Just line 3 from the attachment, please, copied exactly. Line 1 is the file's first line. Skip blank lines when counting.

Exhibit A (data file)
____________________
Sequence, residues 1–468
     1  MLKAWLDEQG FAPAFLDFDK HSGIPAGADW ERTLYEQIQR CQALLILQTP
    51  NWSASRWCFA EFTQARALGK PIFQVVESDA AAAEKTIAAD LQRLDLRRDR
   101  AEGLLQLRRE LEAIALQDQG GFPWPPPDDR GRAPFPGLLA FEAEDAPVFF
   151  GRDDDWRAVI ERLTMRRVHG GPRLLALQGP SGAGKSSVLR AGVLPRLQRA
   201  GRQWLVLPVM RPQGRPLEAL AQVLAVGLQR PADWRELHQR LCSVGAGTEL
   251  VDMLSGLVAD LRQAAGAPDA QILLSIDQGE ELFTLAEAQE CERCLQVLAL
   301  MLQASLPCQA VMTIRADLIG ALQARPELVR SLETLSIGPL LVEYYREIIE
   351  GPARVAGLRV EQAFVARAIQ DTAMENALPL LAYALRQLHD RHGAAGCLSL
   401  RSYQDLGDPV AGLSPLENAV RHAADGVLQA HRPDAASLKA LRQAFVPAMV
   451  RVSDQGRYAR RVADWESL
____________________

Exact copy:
    51  NWSASRWCFA EFTQARALGK PIFQVVESDA AAAEKTIAAD LQRLDLRRDR